The following is the first episode from Mark Dery’s nonfiction novella, How I Lost One Leper Messiah, and Gained Another. Read every Friday for the next installment or read them all here. —Ed.
As Jesus was on his way, the crowds almost crushed him. And a woman was there who had been subject to bleeding for twelve years, but no one could heal her. She came up behind him and touched the edge of his cloak, and immediately her bleeding stopped. “Who touched me?” Jesus asked. When they all denied it, Peter said, “Master, the people are crowding and pressing against you.” But Jesus said, “Someone touched me; I know that power has gone out from me.” —Luke, 8:42-46
A teenage girl is crying, sobbing inconsolably, her face a tear-streaked mask of sweet anguish. She’s English, dressed in schoolboy drag: a white dress shirt and blazer, topped off with the regulation necktie. Pinned to her jacket is a photo button of David Bowie in character as Ziggy Stardust. She exhibits all the emotional stigmata of Ziggymania, a hormonally fueled religious hysteria that convulsed Anglo-American teen culture from 1972 until 1974, if not later.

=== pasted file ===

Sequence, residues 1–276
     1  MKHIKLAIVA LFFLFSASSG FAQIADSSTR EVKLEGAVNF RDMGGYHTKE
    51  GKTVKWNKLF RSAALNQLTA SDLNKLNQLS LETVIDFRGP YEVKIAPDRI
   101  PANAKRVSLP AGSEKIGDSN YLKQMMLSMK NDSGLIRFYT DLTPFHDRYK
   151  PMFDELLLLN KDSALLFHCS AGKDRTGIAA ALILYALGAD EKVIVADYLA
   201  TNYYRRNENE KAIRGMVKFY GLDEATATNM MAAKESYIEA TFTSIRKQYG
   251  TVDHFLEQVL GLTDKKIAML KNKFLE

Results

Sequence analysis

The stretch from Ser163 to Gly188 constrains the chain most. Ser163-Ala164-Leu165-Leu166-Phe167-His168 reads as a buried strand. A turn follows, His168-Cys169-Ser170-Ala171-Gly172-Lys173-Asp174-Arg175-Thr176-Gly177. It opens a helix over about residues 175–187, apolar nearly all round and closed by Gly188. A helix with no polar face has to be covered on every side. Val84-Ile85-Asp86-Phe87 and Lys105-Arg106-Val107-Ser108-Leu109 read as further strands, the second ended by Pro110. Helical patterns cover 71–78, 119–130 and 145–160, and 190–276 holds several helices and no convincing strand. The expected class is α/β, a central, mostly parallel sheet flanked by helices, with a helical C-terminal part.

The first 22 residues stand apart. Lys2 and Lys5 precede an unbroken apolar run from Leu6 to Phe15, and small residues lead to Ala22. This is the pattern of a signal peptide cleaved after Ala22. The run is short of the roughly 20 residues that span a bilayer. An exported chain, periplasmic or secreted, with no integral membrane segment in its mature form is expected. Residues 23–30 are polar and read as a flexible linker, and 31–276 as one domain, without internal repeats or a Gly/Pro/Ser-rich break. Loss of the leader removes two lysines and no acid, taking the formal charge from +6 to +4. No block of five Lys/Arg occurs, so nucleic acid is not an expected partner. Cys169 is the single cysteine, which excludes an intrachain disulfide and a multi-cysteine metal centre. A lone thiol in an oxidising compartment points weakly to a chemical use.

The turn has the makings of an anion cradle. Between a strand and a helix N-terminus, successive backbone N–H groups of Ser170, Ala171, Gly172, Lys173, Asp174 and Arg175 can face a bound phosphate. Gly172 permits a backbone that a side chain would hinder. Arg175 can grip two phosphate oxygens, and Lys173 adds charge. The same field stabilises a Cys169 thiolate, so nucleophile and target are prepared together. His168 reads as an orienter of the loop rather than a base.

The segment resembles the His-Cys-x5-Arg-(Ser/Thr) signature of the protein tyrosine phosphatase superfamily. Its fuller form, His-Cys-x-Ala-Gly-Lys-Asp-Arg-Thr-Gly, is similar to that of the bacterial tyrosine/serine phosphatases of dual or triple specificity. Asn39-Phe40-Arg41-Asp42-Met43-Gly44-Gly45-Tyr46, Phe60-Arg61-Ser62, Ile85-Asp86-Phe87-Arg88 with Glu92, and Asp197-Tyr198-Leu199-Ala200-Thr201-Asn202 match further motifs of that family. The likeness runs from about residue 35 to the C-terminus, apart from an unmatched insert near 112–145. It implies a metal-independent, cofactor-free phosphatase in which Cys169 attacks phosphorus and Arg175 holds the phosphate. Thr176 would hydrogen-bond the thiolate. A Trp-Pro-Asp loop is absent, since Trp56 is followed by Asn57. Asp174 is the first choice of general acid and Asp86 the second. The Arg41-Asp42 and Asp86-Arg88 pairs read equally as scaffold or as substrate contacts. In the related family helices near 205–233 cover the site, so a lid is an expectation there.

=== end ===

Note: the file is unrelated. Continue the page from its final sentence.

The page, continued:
We’re watching her in a 1973 report on the Bowie phenomenon by the BBC news program Nationwide, uploaded to YouTube. “They said ‘e was comin’ ‘round the back! I’ve been waiting for ages to see ‘im,” she wails, agonized at missing the star’s limousine arrive. “Why’re you so upset?” a bemused interviewer asks, across a generational chasm. She looks up, incredulous at the man’s inability to grasp the obvious: “He’s smashing!” Another girl crowds into the frame, as radiantly happy as her friend is distraught. “I kissed his hand!” she gasps, in the grip of some mystical eros. “I kissed his hand! I went (mimes kissing Bowie’s hand); Oh, he’s lovely!”